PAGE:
Friday talks with Sudan army rulers postponed: protest leaders

The two Sudanese sides initialed “Political Declaration” which aimed to create a joint civilian-military ruling body on Wednesday. (File/AFP)
Updated 19 July 2019

Friday talks with Sudan army rulers postponed: protest leaders

  • One of the protest leaders said they need more consultation to reach a united vision
  • The Friday talks were for the two sides in Sudan to finalize a “Constitutional Declaration”

KHARTOUM: Sudanese protest leaders told AFP Friday talks with the country’s army rulers have been postponed, just days after the two sides signed a power sharing deal.
“The talks have been postponed,” said prominent protest leader Omar Al-Digeir.
“We need more internal consultation to reach a united vision,” he added, with no new date set for negotiations to resume.
Another protest leader, Siddig Youssef, also confirmed the talks had been suspended.
On Wednesday, the two sides initialled a “Political Declaration” that aims to form a joint civilian-military ruling body, which in turn would install an overall transitional civilian administration for a period of 39 months.
At Friday’s talks the two sides were to finalize a “Constitutional Declaration” to thrash out crucial remaining issues.
They include whether to give immunity to generals accused of being behind violence against protesters, the formation of a transitional parliament and the role of paramilitaries.
However, protest leaders said that the three rebel groups that are part of the umbrella protest movement had expressed reservations over Wednesday’s deal.
“I’m going to Addis Ababa to meet the Sudan Revolutionary Front to get their opinion,” Digeir said, referring to the rebel groups currently based in Ethiopia.
“They are not happy with” the agreement signed with army leaders, Youssef said.
The groups had been fighting government forces for years in the war-torn regions of Darfur, Blue Nile and South Kordofan.
Sources close to negotiations told AFP that these groups have demanded that the “Constitutional Declaration” specify that peace negotiations in the three conflict zones would be a top priority for the new transitional government.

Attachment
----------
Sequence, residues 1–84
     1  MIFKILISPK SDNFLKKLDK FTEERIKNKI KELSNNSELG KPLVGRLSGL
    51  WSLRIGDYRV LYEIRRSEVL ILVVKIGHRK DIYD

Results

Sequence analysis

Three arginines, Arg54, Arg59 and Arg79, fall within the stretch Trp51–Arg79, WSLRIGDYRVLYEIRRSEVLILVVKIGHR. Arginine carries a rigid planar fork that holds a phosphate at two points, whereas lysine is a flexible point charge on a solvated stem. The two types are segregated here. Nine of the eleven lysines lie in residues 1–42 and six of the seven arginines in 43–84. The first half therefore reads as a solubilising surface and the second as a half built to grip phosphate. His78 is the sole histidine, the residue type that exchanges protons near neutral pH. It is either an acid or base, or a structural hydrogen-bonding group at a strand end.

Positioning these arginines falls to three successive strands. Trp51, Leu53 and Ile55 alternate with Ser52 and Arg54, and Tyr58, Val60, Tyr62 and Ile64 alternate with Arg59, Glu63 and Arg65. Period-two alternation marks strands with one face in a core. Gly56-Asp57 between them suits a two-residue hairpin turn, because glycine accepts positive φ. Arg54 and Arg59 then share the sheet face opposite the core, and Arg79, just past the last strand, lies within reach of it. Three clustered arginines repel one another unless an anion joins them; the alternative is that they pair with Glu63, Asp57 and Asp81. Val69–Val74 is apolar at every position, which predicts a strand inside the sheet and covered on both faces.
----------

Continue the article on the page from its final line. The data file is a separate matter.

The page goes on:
Once such a peace deal is finalized, sources said the rebel groups want their representatives to be part of the transitional government.
They also called for the extradition from Sudan of those accused by the Hague-based International Criminal Court of a litany of crimes, including ousted leader Omar Al-Bashir.


Oman’s ruler back home after medical checkup in Belgium

Updated 13 December 2019

Oman’s ruler back home after medical checkup in Belgium

  • Sultan Qaboos has ruled Oman since he succeeded his father in 1970
  • The sultan has no known successor for his throne in Oman

DUBAI, United Arab Emirates: Oman’s 79-year-old ruler has returned to his sultanate after traveling to Belgium for a medical checkup, the sultanate’s state-run news agency reported Friday.

Sultan Qaboos bin Said left “for some medical checks that will take a limited period, God willing,” the Oman News Agency reported a week earlier, citing a royal court statement. A similar royal statement announced his return, without elaborating.

Bin Said has taken medical trips abroad in the past. The sultan has ruled Oman since he succeeded his father in 1970. He has no known successor for his throne in Oman, a country on the eastern edge of the Arabian Peninsula that’s home to some 4.6 million people.